Thursday, November 09, 2006

The mission statement...

A favourite subject for discussion today is the subject of the Governments new ID cards program. Like most things the government decides to do it is viewed with a fair degree of suspicion.

To hear some people talk you might think that we'll become some kind of distopian police state on their introduction.

Personally, this strikes me as misleding and hysterical. Having read quite a lot of the arguments against ID cards, it strikes me that a lot of commonly held beliefs about ID cards and its associated technologies are incorrect.

I'm a Labour party member, so I tend to be reflexively defensive of the current government I don't blindly agree with every single policy, but I'll stand by them when I think they're in the right.

On the subject of ID cards I'm not convinced that the government is particularly in the wrong. My main intention with this blog is to investigate whether I'm right or wrong, to put the subject under a the microscope a little more and to try and expand peoples understanding of the subject.

My professional background is in IT, so I think I should be able to examine the arguments from a fairly thorough and professional point of view.

Go in peace citizen.


Oliver_Coombes said...

Why I will never carry an ID card

Make no mistake about this: whether you are for or against, the introduction of ID cards marks an unprecedented shift, for peacetime, in the relationship between the British citizen and the state.

Every one of us will effectively have to apply to the government for permission to exist, or at least exist in any way which involves using public services. And even if the principle does not trouble you, the practical effect will be to create an entirely new layer of hassle.

The innocent, we are told, have nothing to fear. But the lesson of the Family Tax Credit and Child Support Agency fiascos is that no government computer scheme ever avoided massive inconvenience to the innocent. Those schemes were a fraction of this one's complexity and size. Even if the technology works, what if some bureaucrat enters your data wrongly -- as in the case of the 2700 innocent people falsely accused by the Criminal Records Bureau, many of whom were consequently turned down by universities and employers? If your card is lost, damaged or stolen, how many hours of Greensleeves on the call-centre hotline will it take to replace it?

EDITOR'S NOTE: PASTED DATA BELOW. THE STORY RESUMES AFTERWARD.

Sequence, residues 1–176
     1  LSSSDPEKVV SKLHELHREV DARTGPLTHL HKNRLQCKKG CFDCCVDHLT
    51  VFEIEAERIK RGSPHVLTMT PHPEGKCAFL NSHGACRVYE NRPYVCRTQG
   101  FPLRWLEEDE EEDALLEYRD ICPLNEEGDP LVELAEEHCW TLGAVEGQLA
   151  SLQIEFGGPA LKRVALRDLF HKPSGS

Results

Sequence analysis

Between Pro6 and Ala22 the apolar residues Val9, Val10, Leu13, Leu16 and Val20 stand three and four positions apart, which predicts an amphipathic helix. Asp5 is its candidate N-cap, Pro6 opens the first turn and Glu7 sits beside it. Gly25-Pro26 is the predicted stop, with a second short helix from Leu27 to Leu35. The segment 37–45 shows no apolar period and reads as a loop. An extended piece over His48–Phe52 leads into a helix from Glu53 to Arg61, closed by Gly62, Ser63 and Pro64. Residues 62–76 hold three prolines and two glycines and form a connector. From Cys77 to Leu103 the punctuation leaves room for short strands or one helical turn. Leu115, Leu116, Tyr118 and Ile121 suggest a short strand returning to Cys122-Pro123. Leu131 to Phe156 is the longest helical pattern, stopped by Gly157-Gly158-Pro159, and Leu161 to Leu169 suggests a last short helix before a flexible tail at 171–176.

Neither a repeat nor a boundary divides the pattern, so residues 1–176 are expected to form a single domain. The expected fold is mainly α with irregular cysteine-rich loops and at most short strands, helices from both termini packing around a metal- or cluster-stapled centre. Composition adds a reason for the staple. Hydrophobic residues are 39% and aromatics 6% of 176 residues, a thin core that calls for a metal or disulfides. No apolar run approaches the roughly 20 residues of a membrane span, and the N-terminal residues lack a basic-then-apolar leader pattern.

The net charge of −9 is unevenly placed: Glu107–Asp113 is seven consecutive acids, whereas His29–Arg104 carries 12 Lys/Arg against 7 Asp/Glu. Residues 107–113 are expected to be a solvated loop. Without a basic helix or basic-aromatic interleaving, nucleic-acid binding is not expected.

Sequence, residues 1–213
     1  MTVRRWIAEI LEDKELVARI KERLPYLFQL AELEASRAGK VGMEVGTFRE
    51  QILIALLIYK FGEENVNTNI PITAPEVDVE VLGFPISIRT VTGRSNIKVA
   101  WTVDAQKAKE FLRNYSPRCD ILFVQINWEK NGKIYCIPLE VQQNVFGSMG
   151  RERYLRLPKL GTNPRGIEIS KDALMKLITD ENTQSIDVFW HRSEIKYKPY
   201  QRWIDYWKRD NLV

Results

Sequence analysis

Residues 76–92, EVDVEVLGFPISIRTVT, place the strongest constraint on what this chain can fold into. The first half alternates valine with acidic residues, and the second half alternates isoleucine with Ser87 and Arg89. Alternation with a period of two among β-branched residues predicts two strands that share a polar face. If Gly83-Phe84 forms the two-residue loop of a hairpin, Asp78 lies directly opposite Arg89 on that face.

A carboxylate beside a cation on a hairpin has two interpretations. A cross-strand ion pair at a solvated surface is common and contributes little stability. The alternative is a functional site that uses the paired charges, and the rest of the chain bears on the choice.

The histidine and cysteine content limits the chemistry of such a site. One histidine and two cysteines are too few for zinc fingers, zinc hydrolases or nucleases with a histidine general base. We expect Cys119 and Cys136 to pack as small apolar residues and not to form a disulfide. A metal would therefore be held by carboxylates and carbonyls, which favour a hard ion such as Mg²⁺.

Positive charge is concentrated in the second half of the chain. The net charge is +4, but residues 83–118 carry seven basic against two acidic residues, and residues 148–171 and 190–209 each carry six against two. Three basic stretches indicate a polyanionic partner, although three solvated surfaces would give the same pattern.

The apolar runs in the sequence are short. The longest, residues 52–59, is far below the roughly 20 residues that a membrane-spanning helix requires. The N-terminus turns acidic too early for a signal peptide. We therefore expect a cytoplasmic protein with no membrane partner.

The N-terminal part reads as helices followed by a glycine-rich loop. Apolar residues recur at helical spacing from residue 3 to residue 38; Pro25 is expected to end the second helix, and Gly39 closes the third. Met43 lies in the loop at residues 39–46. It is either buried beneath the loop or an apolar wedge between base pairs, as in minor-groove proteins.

In an age when everyone agrees on the need to reduce red tape, ID cards will require an enormous and expensive new bureaucracy, complete with a dozen new crimes and offences for the citizen. Did you know that you will be required to tell (and pay) the police every time you move house -- with a £1000 fine if you forget? Did you know that your friends and neighbours can be forced to give information about you? Do you think the constabulary and courts have better things to do? The justification for all this needs to be very strong, but it is not. ID cards are a solution looking for a problem.

In all the years of debate and argument, no one has yet explained how exactly the cards will reduce terrorism or crime. Will muggers be obliged to show you their ID before they hit you over the head? Did Spain's compulsory ID system prevent the Madrid bombings? French and Japanese identity cards do not stop illegal immigration to those countries, nor have Italian ones defeated the Mafia.

The government claimed that 35% of terrorists use false or multiple identities: which means, by my reckoning, that 65% of terrorists use their own identities. They do so because they are not known to the authorities as terrorists, a factor which can only increase. ID cards may be able to reduce the use of false and multiple identity among British citizens; but the vast majority of Islamic terrorists are not British citizens.

ID cards might, it is true, help reduce certain types of fraud. But even by the government's own reckoning, identity-related benefit fraud amounts to no more than £50 million a year; NHS tourism to "a few hundred million"; and all identity-related fraud, public and private sector, to a total of £1.3 billion. An ID card scheme would cost at least £6 billion.

"If you've nothing to hide, you've nothing to fear," the goverment insists -- but why then is it hiding its estimate of the true budget despite the orders of the Freedom of Information Commissioner?

Identity cards may seem popular now -- but the more people learn more about it, the the more resentment will build. Making law-abiding citizens pay £100 to take a day off work and report to the police station to be fingerprinted like common criminals will not be quite the vote-winner that Labour thinks.

(Based on an article in The Evening Standard)

Paulie said...
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